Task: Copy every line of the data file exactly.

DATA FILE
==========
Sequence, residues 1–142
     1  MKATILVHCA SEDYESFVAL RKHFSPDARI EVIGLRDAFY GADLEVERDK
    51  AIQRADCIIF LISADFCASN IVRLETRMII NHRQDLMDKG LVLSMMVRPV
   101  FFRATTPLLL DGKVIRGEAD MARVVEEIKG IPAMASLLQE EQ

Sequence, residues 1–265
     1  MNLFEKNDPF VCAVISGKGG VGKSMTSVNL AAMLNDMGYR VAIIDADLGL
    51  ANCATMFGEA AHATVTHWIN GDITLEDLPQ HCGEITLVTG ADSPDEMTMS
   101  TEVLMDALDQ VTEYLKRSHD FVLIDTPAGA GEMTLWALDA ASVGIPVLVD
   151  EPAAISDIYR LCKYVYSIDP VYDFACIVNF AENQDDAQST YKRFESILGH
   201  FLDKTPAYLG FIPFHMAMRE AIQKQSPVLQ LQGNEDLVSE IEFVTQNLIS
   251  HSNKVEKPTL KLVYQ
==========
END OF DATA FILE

Sequence, residues 1–142
     1  MKATILVHCA SEDYESFVAL RKHFSPDARI EVIGLRDAFY GADLEVERDK
    51  AIQRADCIIF LISADFCASN IVRLETRMII NHRQDLMDKG LVLSMMVRPV
   101  FFRATTPLLL DGKVIRGEAD MARVVEEIKG IPAMASLLQE EQ

Sequence, residues 1–265
     1  MNLFEKNDPF VCAVISGKGG VGKSMTSVNL AAMLNDMGYR VAIIDADLGL
    51  ANCATMFGEA AHATVTHWIN GDITLEDLPQ HCGEITLVTG ADSPDEMTMS
   101  TEVLMDALDQ VTEYLKRSHD FVLIDTPAGA GEMTLWALDA ASVGIPVLVD
   151  EPAAISDIYR LCKYVYSIDP VYDFACIVNF AENQDDAQST YKRFESILGH
   201  FLDKTPAYLG FIPFHMAMRE AIQKQSPVLQ LQGNEDLVSE IEFVTQNLIS
   251  HSNKVEKPTL KLVYQ